Allen Quesada is a grateful man who's happy to be home again.
In the front yard is another home he's thankful he had. It's locked and unloaded and ready for departure — has been for five months. Now, if only the Federal Emergency Management Agency would come and get it.
"We're at the point, I don't know, it's kind of a joke now," says Quesada. "We just don't know what to think anymore, if somebody is going to come and get it or not."
More than an eyesore, the trailers might become dangerous projectiles in a bad storm, residents worry, and could damage restored houses. Or worse, injure families.
Their frustration is aimed at FEMA, which they say isn't delivering on a promise to take back more than 2,000 trailers — a number growing every day.
"We can't do anything," says Jaime Bergeron. "We can't do anything with the exterior of the house until they come and they move the trailer."
Now, after waiting three months, her trailer is finally gone.
FEMA has increased the number of removal teams, but offers a reminder.
"Our highest priority has always been to house people in the first place," says FEMA spokesman George Smith.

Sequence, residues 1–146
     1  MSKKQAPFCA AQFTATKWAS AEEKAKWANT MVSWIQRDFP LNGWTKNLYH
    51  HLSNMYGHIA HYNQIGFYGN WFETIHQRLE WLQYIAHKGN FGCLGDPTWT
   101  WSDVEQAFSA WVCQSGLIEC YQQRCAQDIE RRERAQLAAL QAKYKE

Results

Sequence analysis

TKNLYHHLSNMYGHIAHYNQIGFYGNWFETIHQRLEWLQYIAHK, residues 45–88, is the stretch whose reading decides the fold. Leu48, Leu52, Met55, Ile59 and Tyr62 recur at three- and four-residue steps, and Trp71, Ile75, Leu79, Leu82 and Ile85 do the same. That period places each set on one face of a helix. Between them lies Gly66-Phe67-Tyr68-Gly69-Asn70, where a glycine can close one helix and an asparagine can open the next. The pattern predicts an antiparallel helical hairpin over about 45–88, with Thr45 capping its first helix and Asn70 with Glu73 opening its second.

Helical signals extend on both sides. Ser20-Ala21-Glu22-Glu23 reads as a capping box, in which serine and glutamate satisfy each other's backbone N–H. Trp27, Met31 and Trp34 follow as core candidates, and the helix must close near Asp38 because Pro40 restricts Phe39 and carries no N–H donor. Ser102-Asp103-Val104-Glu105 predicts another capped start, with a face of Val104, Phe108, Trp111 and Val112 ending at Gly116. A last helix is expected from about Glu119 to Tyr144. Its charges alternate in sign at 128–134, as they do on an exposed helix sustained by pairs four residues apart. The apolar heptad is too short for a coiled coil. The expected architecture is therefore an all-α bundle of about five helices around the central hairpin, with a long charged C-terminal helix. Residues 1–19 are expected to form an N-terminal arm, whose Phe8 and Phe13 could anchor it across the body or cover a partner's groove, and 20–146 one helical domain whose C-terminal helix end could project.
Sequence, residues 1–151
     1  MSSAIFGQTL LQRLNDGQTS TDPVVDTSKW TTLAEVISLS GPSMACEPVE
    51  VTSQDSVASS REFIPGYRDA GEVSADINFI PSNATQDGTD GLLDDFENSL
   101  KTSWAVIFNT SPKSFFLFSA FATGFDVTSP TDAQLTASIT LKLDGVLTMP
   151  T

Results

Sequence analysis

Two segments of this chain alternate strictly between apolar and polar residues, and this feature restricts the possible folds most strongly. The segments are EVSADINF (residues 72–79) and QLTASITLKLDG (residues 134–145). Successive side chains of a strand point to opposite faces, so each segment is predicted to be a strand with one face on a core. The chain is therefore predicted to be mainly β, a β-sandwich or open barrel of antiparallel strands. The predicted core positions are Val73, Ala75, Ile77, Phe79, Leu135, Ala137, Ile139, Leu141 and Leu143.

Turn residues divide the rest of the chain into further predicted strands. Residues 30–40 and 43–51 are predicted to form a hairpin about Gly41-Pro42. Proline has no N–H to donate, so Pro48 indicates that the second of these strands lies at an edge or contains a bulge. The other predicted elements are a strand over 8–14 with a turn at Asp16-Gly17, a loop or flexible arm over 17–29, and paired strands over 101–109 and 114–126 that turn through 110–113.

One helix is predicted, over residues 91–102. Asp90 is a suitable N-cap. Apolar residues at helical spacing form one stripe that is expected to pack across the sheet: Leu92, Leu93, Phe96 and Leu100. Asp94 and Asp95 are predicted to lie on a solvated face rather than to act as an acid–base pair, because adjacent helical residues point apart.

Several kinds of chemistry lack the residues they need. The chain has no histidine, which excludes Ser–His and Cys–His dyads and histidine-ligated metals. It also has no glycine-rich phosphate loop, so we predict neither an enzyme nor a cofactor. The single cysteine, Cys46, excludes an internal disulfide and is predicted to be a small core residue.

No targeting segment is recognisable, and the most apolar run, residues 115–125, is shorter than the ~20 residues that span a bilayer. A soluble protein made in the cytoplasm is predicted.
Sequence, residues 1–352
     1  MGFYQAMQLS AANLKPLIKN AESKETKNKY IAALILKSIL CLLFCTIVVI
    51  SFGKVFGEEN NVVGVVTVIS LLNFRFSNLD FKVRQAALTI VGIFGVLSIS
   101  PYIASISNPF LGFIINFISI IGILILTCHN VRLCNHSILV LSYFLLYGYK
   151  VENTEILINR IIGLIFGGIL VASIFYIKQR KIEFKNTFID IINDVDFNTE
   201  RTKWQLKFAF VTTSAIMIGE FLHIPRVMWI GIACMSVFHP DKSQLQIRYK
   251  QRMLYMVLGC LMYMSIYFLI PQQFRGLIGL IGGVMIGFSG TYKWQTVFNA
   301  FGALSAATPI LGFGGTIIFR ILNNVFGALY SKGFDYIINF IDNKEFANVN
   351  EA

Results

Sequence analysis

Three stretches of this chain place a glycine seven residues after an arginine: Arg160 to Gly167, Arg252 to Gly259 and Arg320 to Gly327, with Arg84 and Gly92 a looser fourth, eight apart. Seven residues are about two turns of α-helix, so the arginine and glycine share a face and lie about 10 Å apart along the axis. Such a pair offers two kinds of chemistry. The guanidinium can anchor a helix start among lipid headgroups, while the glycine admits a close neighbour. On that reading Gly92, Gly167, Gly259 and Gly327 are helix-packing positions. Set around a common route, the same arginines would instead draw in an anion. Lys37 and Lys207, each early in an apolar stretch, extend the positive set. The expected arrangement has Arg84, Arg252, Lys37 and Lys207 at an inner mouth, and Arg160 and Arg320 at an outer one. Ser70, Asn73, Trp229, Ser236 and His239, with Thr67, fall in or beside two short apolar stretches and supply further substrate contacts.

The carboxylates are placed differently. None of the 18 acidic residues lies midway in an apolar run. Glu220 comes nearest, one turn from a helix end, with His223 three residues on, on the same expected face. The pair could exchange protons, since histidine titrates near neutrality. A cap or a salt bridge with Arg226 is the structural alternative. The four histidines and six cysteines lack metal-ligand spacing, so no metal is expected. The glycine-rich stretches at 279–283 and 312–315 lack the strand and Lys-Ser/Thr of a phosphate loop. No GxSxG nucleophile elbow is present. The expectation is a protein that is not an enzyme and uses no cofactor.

That's a point well taken by those who no longer need these trailers. What bothers them most, they say, is that so many people still do. Like Betty Winding, shuttling between her children while awaiting a handicap-accessible trailer. She is told one is on the way.
"I came over here by my daughter Lenore," says Winding. "I was living with Lenore, then I went back to Curtis, then Lenore, so I'm back and forth, you know."
"We signed a contract," says Deborahann Alexis. Sadly, she says, the house must be torn down so she can rebuild.
But first, FEMA needs to move the trailer out of the way.
"If everybody could get the attention needed, everybody could move on, but we're stuck," Alexis says.
Stuck in a moment of uncertainty. Whether out of a trailer, or wanting in.